The sky was overcast and dark, fitting for April showers. Mourners dressed in black seemed to pour into the parking lot where they huddled beneath umbrellas until they were under the shelter of the awning. I didn’t know anyone. Some stood in the rain under their umbrellas smoking cigarettes. Others stood on the steps just under the awning or on the porch of the funeral home. I waited, unsure of how I felt. Sad of course, somber, but there was something else. There was a sharp pressure just underneath my rib cage when I inhaled. I took my fingers and scratched at the sensation but the pain didn’t budge. Around me, people were embracing each other offering condolences and saying kind words about the man that died.
A black SUV pulled into the parking lot. The driver, a tall and corpulent man dressed in a white suit, got out and offered his arm to the mourning mother. There was another woman, much younger, waiting impatiently, and a boy around fourteen fidgeting beside her. Together they walked across the parking lot, smiles pressed against their faces as people rushed to offer their sympathies.
I watched as they approached the front of the building, shifted my weight from one leg to the next, pulled on the hem of my dress. I felt like an outsider. This was an unfortunate circumstance. I was meeting my sister for the first time on the day of our brother’s funeral. We embraced for a long moment. She didn’t feel like a stranger, but I didn’t know her. I didn’t know her middle name or her favorite color or what she did for a living.
“Mom, this is Saida, one of Eric’s other daughters,” Kuenda said.
“Saida, I’m sorry we had to meet like this,” she said, her voice soft, fragile.
“Me too,” I said stupidly. I wanted to tell her that I was sorry she had lost her only son and that I never got the chance to know him. I didn’t realize they lived fifteen minutes away from my college campus so I never came by on weekends or during holiday breaks at school. Me too would not suffice, but it was all I could muster.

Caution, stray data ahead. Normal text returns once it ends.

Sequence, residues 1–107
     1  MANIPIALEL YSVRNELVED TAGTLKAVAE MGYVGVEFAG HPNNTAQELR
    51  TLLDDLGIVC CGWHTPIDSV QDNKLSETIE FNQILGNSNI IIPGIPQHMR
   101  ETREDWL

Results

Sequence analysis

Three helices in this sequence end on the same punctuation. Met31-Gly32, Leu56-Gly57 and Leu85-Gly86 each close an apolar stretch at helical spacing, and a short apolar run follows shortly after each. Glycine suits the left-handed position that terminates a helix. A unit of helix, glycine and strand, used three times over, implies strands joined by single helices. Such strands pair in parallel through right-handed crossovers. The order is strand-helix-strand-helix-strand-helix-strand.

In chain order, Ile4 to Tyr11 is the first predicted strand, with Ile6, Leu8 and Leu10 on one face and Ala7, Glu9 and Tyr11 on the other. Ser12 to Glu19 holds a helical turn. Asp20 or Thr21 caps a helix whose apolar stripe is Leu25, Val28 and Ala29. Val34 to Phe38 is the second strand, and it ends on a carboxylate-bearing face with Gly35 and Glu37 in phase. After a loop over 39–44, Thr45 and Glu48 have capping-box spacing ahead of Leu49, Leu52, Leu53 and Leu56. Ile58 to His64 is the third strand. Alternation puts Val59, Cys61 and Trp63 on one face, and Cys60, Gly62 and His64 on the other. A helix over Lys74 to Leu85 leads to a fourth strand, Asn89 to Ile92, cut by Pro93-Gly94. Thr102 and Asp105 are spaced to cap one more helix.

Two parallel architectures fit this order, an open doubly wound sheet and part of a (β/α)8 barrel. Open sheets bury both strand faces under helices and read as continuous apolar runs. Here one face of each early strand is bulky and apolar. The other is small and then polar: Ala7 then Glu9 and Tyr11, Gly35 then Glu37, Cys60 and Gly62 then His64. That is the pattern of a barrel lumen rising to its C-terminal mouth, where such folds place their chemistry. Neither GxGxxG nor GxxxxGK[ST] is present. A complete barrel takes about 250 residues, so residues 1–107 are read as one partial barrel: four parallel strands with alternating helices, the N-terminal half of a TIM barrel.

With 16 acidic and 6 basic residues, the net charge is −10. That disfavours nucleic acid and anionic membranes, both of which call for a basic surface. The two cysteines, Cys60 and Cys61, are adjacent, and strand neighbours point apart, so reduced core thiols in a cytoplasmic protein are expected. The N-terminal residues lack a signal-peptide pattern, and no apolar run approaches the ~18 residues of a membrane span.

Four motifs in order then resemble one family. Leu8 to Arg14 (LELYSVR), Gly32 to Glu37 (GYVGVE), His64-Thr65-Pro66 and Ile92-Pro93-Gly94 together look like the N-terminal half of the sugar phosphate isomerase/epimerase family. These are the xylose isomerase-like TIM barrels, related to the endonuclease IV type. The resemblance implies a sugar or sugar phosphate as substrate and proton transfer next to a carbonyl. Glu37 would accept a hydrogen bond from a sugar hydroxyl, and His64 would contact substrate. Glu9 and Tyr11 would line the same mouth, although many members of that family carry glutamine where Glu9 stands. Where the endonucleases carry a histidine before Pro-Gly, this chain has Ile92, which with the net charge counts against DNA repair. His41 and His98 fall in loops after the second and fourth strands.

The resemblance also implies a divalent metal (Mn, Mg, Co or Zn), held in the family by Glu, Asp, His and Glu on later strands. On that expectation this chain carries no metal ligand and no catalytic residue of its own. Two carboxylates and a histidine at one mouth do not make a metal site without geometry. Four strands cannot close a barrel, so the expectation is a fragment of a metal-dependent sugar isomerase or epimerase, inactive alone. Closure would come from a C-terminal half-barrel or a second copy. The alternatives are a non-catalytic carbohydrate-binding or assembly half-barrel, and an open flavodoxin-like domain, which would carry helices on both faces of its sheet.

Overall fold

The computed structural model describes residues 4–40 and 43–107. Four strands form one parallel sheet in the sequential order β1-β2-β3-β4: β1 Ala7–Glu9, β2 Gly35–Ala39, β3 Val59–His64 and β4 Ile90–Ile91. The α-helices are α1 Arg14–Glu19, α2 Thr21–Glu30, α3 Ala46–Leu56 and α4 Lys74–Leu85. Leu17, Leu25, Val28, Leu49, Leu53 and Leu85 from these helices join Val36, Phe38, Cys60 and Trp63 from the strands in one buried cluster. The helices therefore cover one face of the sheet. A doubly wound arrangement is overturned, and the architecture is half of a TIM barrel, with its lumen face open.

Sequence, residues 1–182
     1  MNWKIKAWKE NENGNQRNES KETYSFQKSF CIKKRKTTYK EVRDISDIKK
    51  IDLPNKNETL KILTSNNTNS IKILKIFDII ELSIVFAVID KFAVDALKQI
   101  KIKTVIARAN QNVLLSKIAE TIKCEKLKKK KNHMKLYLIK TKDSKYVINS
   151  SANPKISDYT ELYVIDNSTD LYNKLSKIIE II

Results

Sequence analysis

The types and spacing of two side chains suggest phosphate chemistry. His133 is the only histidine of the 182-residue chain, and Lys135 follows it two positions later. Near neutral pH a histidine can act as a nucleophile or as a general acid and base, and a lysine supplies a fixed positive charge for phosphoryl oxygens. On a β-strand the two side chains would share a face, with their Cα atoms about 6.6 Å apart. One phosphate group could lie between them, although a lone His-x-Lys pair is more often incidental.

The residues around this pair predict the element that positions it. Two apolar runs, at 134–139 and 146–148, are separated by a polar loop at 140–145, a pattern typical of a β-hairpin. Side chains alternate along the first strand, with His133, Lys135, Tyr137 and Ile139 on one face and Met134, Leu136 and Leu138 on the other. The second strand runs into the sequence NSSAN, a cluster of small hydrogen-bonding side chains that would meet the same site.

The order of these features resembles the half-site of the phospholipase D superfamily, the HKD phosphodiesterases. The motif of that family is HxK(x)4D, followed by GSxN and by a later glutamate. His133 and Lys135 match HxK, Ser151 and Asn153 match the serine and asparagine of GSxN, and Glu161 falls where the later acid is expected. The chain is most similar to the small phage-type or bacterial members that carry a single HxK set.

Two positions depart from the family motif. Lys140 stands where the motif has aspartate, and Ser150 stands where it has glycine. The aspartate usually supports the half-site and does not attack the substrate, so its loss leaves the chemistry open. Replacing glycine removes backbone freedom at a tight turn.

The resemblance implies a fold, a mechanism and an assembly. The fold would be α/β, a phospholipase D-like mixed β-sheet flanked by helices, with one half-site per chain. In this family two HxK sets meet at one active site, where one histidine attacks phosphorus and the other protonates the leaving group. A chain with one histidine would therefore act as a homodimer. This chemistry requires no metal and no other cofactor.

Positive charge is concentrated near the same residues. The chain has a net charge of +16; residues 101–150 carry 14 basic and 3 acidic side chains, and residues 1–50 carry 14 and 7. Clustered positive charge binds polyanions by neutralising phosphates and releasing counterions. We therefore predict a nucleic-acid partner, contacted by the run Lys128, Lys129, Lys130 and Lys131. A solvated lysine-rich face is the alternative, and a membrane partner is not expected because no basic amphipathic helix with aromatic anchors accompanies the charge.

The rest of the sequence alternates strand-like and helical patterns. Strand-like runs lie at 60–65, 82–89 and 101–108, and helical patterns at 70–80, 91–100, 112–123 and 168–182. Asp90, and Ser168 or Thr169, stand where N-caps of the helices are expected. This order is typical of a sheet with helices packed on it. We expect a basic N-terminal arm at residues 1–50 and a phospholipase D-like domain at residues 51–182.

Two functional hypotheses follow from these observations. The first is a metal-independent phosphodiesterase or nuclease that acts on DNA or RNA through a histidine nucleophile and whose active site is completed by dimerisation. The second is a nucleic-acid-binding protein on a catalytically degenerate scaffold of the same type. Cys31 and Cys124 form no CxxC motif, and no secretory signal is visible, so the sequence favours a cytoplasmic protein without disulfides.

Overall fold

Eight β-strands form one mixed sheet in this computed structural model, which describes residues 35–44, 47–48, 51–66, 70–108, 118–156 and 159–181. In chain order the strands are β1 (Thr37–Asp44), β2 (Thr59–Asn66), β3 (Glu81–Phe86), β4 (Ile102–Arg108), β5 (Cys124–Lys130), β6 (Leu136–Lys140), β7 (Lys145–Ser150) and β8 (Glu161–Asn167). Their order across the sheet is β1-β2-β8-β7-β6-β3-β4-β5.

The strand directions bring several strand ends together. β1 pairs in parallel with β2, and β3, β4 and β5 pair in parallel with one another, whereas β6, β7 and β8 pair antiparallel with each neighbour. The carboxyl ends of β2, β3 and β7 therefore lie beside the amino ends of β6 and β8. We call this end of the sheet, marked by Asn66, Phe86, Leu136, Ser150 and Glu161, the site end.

We entered the funeral home together. I sat with them in the front row just a few feet from Kahlil’s casket. There was a woman standing next to him, touching and kissing his lifeless body. She lifted his arms one at a time and held his hands in hers. She kissed them, placed the palm of her hand on his forehead, patted his hair. She lay her head down on his chest and hugged his torso. She did not leave his side until the service was about to begin.
“This is Carmen,” my sister told me as the woman walked toward us, “Kahlil’s fiancée.”
Kuenda handed me a wad of tissues and began wiping the tears away from my eyes. I didn’t realize that they had formed. Carmen sat next to me and held my hand. She told me stories about my brother. About the loving man that he was. He never raised his voice she said. And he could make anyone smile. She was laughing now, next to me, as she remembered her life with Kahlil. “We had just gotten home from the hospital”, she said. “He told me he felt fine, and that I should go out with my girlfriend that was visiting.” He died alone she said, weeping now. We held each other, strangers in mourning.
After the service, loved ones curious about this “other sister” strained their necks as they said their goodbyes to Kahlil. I listened to more stories about my brother. He danced the salsa better than the “salsa queen” and taught our nephew, KJ, to do the bachata. I scratched at the pain beneath my ribs as I struggled to breathe between incessant messy tears. It was a Sunday. The air was thick with cigarette smoke. And I kissed the corpse of my brother after I looked into his face for the first time. Behind me, distant relatives meaning well, heads shaking in disappointment, revisiting memories I did not share muttered, “You missed out.”